Younger man and older woman sitting close look at tablet together

Editor’s note: Home Sweet Home is a feature appearing Mondays in McKnight’s Home Care Daily Pulse. The story focuses on a heartwarming, entertaining or quirky happening affecting the world of home care. If you have a topic that might be worthy of the spotlight in Home Sweet Home, please email Caroline Szachnowski at [email protected].

With loved ones returning home for the holidays, the last few weeks presented a good time to monitor older adults for signs of dementia. But it’s never too late to check for symptoms, one expert said. 

Laura Stewart, executive senior director at Brightview Senior Living’s Perry Hall, an independent living, assisted living and memory care community, urges caregivers to take note of the signs of dementia year-round. There are certain behavioral signs of dementia that are easy to spot in older adults’ homes without doing specific dementia assessments, she said. 

“Things like how their housekeeping is in their home or apartment and how it is compared to what the normal standard was,” Stewart explained. “Do they have scorched pots and pans, indicating that they are possibly burning their food on the stove or in the oven? What is the state of how they are living in terms of trash being disposed of and cleanliness of their environment?”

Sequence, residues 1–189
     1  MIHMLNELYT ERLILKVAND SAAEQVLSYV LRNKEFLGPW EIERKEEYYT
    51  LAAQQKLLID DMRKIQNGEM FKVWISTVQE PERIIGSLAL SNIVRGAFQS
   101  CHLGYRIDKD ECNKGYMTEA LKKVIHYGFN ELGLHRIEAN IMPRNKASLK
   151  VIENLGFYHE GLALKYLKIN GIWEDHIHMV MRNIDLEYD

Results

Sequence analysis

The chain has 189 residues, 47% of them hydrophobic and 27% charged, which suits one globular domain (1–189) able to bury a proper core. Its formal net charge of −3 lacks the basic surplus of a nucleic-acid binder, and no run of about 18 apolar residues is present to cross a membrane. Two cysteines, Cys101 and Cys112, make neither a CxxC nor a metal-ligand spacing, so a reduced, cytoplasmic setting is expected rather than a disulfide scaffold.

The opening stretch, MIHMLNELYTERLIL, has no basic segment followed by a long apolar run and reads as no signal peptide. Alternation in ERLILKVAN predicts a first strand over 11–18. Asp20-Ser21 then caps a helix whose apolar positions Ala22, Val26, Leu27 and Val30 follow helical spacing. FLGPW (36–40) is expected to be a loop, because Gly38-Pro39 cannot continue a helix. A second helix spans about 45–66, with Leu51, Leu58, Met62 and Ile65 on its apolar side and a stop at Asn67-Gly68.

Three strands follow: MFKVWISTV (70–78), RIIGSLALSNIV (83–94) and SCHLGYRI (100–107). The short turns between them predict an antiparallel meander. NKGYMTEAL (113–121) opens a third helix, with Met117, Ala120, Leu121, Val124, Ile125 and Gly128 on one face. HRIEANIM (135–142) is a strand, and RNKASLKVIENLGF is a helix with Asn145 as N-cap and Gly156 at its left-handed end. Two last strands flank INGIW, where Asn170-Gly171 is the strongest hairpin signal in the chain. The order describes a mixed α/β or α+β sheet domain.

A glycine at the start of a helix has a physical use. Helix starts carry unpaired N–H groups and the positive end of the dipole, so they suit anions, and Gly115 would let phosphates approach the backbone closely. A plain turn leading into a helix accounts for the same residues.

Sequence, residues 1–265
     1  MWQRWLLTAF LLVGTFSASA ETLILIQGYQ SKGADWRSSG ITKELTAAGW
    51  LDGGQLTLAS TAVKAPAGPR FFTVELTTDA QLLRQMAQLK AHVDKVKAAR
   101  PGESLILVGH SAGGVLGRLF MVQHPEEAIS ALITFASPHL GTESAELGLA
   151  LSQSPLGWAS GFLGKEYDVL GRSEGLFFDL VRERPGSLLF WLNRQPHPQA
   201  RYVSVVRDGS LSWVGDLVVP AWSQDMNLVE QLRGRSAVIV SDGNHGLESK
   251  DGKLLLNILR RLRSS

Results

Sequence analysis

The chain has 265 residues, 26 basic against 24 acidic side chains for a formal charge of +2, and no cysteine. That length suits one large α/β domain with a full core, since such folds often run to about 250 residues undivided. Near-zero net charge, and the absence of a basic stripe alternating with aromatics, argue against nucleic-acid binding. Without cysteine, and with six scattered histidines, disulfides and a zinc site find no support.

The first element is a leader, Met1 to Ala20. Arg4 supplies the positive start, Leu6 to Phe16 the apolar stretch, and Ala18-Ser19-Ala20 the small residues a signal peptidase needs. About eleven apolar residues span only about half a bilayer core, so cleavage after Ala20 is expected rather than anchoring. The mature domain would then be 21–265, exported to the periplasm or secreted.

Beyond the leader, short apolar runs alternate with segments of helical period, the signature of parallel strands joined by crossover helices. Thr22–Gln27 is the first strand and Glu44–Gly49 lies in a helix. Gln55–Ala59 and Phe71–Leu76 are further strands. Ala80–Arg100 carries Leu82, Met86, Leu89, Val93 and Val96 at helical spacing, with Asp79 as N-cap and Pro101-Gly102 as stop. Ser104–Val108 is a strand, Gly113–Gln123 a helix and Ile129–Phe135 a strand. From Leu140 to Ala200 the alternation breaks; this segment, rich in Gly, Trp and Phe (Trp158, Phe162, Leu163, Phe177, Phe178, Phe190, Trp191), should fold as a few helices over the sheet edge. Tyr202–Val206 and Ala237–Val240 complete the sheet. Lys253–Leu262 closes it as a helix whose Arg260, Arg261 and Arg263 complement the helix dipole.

Along with the behavioral signs mentioned above, there are other signals to be on the lookout for, she said. These can include asking repetitive questions, disorientation and hygiene status. Other signs include how well the older adults sleep through the night, whether or not they have had any falls, bruises or other unknown marks on their skin.

Routine disruption

Some symptoms of dementia are often amplified during the holidays due to routines being disrupted with adult children visiting or being shuffled from place to place to see other family members.

“There is a phenomenon called sundowning in which a person who has dementia may become more confused or agitated, showing signs of increased frustration or distress later in the day as a symptom of their cognition changes,” Stewart said. “So those would be some high-level things that people can begin to look for with their parents when they are finally getting to visit.”


The isolation and lack of human contact stemming from COVID-19 also lead to a lack of regular mind stimulation, resulting in cognitive decline and physical changes, Stewart said. 

“It’s important to try to find a balance,” Stewart said. “Obviously you need to be safe and healthy, but if both the older adult and adult children are all vaccinated and wearing masks, it is still important to be present and engaged with our seniors and make sure we are providing them with social engagement to keep their minds sharp.”